8 Habits of Happy Teachers

Do the things on this list to maximize your joy. (They really work.)

8 Habits of Happy Teachers

Sometimes we have to fake it until we make it. If we want to be happier, maybe we could start by doing what happier teachers do.

We polled some of the happiest teachers we know and this is what they told us. The common denominator? Positive daily habits. And the habits are not just actions, but thoughts, too. (Oof, thoughts are harder to change than actions, sometimes! But turns out, it is worth the effort.)

Try these 8 things and tell us how it goes!

1. Keep certain hours totally school-free.

Veteran teachers in the WeAreTeachers HELPLINE group are always trying to explain this to newbies. You MUST rope off time where school work/thought is not allowed. Here’s a great one-page guide to getting everything done without sacrificing your free time! 

2. Wear clothes that make you feel good.

Oh you think this doesn’t matter?  One English teacher we know says, “I love my red pants with the blue polka dot turtle neck with a cotton grey blazer and my grey and white wing tip oxfords. I know my kids appreciate the brightness too.” Here are a dozen pieces every teacher should own.

3. Think of yourself as a great teacher.

That’s what all of those cheerful, inspirational teacher quotes on Facebook are about: trying to get us to feel like happy teachers feel. Happy teachers never forget that they are awesome educators with one of the most influential, interesting jobs on the planet.

But what if you aren’t a great teacher yet? Concentrate on your successes (past and present). And remember there’s power in changing your perspective, trying new things. Also, there are lots of ways to be a great teacher! Find your own, original path to greatness.

You are extraordinary

4. Vote and be politically active.

As our teacher friend Donna B. says: “Stay politically aware and use your voice in emails and phone calls to local politicos. Our voices are making an impact!” Politics definitely have an impact on public schools, from testing and curriculum to funding and teacher pay.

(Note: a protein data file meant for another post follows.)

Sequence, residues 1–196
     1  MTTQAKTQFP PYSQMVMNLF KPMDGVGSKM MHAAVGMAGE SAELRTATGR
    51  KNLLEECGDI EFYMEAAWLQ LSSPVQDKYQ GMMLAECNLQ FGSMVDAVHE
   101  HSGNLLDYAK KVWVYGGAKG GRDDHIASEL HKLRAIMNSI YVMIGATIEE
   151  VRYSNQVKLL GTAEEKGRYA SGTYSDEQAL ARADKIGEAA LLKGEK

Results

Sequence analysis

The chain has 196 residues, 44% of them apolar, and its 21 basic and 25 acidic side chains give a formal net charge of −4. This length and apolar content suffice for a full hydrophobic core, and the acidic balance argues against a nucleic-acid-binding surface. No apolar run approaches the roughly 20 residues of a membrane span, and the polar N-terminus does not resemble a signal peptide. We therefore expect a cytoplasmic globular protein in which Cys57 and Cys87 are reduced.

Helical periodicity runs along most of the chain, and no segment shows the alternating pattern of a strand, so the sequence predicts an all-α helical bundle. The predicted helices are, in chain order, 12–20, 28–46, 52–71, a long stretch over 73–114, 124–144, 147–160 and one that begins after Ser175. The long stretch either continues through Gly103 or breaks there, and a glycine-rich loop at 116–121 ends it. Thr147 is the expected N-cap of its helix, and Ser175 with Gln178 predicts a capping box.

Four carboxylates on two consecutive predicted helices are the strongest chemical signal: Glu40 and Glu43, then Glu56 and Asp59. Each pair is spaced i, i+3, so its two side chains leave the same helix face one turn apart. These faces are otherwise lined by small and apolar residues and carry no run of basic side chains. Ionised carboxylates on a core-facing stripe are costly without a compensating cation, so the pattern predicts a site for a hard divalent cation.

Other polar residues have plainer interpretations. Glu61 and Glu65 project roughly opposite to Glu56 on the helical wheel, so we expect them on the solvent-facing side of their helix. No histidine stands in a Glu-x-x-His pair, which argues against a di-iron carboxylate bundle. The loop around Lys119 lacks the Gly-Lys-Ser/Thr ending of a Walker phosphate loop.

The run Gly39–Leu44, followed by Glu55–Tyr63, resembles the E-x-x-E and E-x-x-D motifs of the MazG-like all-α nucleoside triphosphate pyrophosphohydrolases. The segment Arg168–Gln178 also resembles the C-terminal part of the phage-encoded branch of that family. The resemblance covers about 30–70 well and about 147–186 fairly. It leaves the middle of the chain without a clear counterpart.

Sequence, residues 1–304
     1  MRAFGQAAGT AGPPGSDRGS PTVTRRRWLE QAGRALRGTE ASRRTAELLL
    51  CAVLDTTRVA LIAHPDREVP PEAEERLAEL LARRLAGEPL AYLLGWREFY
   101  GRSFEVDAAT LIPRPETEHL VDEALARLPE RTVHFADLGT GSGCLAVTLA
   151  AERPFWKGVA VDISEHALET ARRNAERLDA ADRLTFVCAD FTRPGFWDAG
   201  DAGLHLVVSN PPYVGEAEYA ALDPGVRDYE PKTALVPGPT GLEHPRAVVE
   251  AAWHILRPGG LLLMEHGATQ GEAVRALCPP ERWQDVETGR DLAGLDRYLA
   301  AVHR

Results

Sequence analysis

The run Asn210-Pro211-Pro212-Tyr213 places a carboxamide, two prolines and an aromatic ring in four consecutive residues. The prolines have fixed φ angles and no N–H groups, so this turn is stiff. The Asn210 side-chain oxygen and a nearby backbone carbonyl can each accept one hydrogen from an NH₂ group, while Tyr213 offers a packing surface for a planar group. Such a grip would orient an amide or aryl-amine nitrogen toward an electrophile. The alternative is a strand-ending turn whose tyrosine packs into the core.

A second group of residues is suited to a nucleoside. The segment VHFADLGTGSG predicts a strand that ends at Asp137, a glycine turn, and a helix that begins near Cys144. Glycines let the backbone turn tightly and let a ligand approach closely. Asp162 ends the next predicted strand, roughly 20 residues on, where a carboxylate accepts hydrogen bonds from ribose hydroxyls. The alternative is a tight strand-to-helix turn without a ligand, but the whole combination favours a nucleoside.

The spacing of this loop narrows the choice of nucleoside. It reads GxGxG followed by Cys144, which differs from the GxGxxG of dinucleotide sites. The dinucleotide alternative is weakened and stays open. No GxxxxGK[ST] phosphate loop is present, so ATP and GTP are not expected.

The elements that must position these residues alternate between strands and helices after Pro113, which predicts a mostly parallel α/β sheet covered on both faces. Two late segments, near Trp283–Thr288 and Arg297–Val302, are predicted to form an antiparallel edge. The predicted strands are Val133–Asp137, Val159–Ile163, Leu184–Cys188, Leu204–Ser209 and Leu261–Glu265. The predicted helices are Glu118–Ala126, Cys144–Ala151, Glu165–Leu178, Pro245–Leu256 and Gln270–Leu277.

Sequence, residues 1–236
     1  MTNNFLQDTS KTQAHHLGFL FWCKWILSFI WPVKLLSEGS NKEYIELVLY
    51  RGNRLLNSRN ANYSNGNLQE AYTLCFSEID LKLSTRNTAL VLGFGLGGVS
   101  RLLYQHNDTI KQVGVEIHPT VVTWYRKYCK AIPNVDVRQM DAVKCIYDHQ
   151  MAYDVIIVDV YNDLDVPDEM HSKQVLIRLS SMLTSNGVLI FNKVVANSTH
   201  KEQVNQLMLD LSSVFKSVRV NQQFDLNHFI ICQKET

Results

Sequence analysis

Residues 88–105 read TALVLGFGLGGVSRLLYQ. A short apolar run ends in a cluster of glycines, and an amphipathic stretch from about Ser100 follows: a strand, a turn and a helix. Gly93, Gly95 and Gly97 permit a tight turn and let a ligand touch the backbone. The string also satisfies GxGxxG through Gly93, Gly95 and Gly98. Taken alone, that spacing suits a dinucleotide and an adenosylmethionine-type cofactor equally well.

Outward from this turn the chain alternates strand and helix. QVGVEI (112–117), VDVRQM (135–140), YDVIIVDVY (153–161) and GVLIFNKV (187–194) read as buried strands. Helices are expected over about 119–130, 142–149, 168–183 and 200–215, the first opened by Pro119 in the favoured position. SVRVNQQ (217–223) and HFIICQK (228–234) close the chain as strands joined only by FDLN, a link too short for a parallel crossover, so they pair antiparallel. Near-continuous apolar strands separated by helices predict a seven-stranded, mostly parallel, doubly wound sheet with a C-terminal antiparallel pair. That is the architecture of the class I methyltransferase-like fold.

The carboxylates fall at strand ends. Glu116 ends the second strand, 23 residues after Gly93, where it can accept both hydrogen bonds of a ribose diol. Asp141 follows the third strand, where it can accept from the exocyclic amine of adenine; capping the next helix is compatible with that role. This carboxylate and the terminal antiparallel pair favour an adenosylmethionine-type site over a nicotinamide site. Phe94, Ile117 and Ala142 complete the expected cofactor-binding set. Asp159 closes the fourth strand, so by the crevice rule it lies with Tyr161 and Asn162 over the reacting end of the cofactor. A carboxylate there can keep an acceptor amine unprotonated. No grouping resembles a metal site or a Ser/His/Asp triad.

I Am a Public School Teacher

5. Strive always for a friendly, welcoming classroom.

Veteran happy teachers say that setting a friendly tone is key.  Daily praise of each student’s good qualities, daily affirmations of class mottos, cooperation exercises, secret handshakes, and even daily post-it notes of positivity. A high school teacher we know says, “I have a colleague who puts flowers from her garden in a vase and DJ’s classical music. The kids love it.”

Check out this guide to fostering a positive school culture.  And here’s advice on how to change the culture in your classroom by changing the way you talk to kids. 

6. Take fun vacations.

Work hard, play hard. Teachers are the best vacationers.  Check out these 21 things every teacher should do on spring break.

Last but not least, 4 practically free staycations for the budget-conscious teacher.

It's our last day in Florida and we're spending it in our floaties! #springbreak2k17 #teacherspringbreak

A post shared by Laura Johnson (@missjohnsonroom203) on

7. Be a positive, helpful colleague, every day.

You reap what you sow, so sow positivity, helpfulness, support, and affirmation. Check out this great article about how to get along with ANY teacher colleague. 

Did you know?

A post shared by Jennifer Honey (@jenniferhoney_) on

8. Import your own joy.

Two ways to do this, both recommended. First: import things you like into your day. One high school teacher we know in Tennessee says: “Pack a yummy lunch that you look forward to and add details to the lunch: fun napkins with flavorful food, for instance. I import my own quality coffee in a construction worker thermos.” Here is some packed lunch inspiration.

Second: You can often determine your own mood and frame of mind (one of the coolest things about being a human) simply by insisting upon it. (If you haven’t tried one yet, start a gratitude journal. Research concludes that they really work.)

We’d love to hear: Share what daily habits contribute to your happiness in the comments. 

Emily Hopkins

Posted by Emily Hopkins

Emily Hopkins is an editor and writer for We Are Teachers.

One Comment

  1. […] decent start on pursuing happiness as a teacher can be found here.  The best part of this article is the recommendation for a gratitude […]